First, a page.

Newswise — May 9, 2022 – Many of us consider the nutritional value of foods as we choose them. For example, you might add some strawberries to your morning cereal to get a boost of vitamin C and other nutrients (besides the nice flavor!) The May 7th 2022 Sustainable, Secure Food Blog explains that foods also contain naturally occurring compounds that scientists refer to as anti-nutrients.
According to bloggers Julianne Kellogg and Emily Klarquist, anti-nutrients may interfere with the absorption of essential nutrients. It is important to consider anti-nutrients in crops because of their impact on human, animal, and environmental health.
Effect of anti-nutrients on human diets
Human diets high in plant-based foods can result in moderate to high intakes of anti-nutrients. Some common anti-nutrients are known as phytates, tannins, lectins, and phytoestrogens. For individuals with existing nutrient deficiencies or conditions that affect nutrient absorption, anti-nutrients can further deplete their stores of essential nutrients.
For people who eat a wide variety of foods in their diets, anti-nutrients are not a concern. In addition, common food preparation methods such as soaking, germinating, fermenting, and cooking reduce levels of anti-nutrients in foods.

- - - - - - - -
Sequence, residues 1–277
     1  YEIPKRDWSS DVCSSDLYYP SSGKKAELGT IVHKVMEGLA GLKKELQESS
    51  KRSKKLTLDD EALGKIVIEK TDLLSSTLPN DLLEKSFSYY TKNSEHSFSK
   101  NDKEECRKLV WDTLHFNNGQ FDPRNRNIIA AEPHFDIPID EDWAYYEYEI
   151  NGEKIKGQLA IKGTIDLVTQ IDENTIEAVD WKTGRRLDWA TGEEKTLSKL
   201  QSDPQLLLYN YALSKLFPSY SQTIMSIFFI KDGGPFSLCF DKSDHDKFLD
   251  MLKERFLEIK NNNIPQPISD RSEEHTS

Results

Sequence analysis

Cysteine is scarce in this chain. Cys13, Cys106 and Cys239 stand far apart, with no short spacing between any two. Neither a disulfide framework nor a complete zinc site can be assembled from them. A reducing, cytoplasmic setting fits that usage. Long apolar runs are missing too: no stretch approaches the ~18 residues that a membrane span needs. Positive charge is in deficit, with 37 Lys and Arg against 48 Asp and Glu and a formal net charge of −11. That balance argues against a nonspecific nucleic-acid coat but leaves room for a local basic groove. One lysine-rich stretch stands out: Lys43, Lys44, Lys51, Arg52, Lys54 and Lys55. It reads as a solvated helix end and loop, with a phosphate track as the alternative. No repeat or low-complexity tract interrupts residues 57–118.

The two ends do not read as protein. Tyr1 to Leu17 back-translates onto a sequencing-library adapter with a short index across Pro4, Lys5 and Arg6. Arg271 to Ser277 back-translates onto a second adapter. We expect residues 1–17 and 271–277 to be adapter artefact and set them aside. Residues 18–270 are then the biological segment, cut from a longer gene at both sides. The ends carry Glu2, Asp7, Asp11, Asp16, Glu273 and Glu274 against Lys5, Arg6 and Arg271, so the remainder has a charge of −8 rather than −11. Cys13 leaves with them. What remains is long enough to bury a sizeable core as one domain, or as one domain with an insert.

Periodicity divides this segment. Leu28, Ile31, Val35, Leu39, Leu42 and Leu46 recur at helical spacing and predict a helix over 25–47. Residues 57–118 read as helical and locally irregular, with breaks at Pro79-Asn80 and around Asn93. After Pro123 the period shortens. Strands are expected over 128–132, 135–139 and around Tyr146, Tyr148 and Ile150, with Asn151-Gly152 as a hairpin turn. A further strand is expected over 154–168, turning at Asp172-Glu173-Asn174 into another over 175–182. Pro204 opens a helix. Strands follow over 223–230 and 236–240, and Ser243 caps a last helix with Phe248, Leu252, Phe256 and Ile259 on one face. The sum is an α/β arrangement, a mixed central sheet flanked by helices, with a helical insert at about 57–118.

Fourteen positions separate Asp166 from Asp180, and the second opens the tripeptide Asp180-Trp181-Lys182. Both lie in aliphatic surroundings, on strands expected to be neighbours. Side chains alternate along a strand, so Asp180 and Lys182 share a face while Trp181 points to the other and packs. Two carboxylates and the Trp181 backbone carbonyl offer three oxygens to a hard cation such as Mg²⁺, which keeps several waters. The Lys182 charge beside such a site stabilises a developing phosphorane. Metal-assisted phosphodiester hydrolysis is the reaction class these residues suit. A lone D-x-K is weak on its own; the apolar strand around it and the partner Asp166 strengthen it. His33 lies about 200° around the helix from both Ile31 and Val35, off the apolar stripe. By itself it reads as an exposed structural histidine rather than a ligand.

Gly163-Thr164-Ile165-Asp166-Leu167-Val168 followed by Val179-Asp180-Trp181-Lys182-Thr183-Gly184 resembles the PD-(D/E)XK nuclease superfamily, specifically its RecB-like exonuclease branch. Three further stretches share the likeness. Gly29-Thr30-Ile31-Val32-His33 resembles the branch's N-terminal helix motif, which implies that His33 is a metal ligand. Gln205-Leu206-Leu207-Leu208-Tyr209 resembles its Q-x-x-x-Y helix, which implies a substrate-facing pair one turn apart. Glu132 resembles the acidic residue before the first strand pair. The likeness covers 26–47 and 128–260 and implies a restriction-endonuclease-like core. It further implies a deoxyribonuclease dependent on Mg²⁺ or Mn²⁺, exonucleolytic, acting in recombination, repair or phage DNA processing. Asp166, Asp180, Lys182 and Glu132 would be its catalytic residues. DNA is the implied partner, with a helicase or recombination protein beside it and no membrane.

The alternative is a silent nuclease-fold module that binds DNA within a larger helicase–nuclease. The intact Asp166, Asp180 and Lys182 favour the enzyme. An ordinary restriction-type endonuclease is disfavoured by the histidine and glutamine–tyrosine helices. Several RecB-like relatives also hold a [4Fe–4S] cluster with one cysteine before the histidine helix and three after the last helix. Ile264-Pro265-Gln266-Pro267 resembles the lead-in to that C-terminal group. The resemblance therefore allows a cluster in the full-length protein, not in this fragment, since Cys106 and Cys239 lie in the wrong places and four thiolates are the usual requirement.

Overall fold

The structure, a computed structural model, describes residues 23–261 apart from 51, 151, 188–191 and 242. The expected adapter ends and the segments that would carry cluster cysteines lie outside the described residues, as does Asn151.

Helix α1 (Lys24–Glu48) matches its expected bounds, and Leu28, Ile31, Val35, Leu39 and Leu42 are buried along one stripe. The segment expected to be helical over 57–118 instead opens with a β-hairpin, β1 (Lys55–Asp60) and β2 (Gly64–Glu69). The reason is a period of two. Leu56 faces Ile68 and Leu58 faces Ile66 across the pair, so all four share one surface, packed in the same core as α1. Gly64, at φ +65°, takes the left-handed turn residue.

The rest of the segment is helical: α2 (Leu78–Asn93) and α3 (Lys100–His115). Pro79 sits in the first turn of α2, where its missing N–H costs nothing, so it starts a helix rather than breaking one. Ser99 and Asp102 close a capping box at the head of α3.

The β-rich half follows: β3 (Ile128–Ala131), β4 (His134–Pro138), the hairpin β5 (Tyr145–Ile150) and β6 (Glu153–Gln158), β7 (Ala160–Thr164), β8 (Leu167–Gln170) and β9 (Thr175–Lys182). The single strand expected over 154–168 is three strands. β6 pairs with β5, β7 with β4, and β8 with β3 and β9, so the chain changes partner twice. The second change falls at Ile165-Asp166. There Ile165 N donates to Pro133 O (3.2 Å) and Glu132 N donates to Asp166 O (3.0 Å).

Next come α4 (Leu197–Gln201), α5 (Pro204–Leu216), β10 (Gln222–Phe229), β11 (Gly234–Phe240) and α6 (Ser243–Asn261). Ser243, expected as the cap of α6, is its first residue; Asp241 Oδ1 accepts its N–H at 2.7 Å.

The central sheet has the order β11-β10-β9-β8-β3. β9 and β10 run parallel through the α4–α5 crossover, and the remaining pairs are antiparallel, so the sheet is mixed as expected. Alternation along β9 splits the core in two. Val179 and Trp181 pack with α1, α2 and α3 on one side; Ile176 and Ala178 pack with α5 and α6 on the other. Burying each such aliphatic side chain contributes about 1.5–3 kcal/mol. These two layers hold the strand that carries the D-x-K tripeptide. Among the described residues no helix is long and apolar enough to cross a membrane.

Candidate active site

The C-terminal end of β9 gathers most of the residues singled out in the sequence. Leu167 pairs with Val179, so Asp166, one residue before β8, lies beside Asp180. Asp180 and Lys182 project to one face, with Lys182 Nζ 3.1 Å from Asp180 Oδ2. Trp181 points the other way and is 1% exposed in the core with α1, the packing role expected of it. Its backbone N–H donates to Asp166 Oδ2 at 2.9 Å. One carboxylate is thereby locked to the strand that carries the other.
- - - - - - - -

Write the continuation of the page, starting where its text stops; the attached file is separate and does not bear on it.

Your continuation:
Not everyone has access to a diverse diet, food fortification, or supplementation. Such situations can result in micronutrient deficiencies. Health officials consider iron deficiency one of the leading contributors to global disease. Over 1.2 billion cases of iron deficiency anemia were reported in 2016.
One of the tools to tackle micronutrient deficiency is breeding staple crops, such as corn or beans, to be higher in micronutrients. Breeders must increase the amounts of micronutrients – like iron – without increasing the amounts of anti-nutrients that would diminish the bioavailability of the targeted micronutrients.
Effect of anti-nutrients on animal diets
Livestock feed high in anti-nutrients compromises non-ruminant livestock health. It can also contribute to nutrient excess in livestock waste and environmental pollution. Creating low anti-nutrient crops can also reduce the amount of minerals removed from agricultural soils. That may reduce the amount of fertilizer needed. With less fertilizer, we reduce the chances of environmental pollution and extract less from our global reserves of critical limited resources. Researchers working towards a healthy and sustainable food system must consider anti-nutrients.
Anti-nutrients are naturally occurring and are important to human, animal, and plant health. Their effect on human and animal health can sometimes be negative because they interfere with the absorption of important nutrients. A diverse diet is the best way to avoid nutrient deficiencies but isn’t possible for everyone. It is critical to consider anti-nutrients in research, such as identifying and developing crop varieties low in anti-nutrients, while consumers focus on diversifying their diet.
About us: This blog is sponsored and written by members of the American Society of Agronomy and Crop Science Society of America. Members are researchers and trained, certified professionals in the areas of growing the world’s food supply while protecting the environment. Members work at universities, government research facilities, and private businesses across the United States and the world.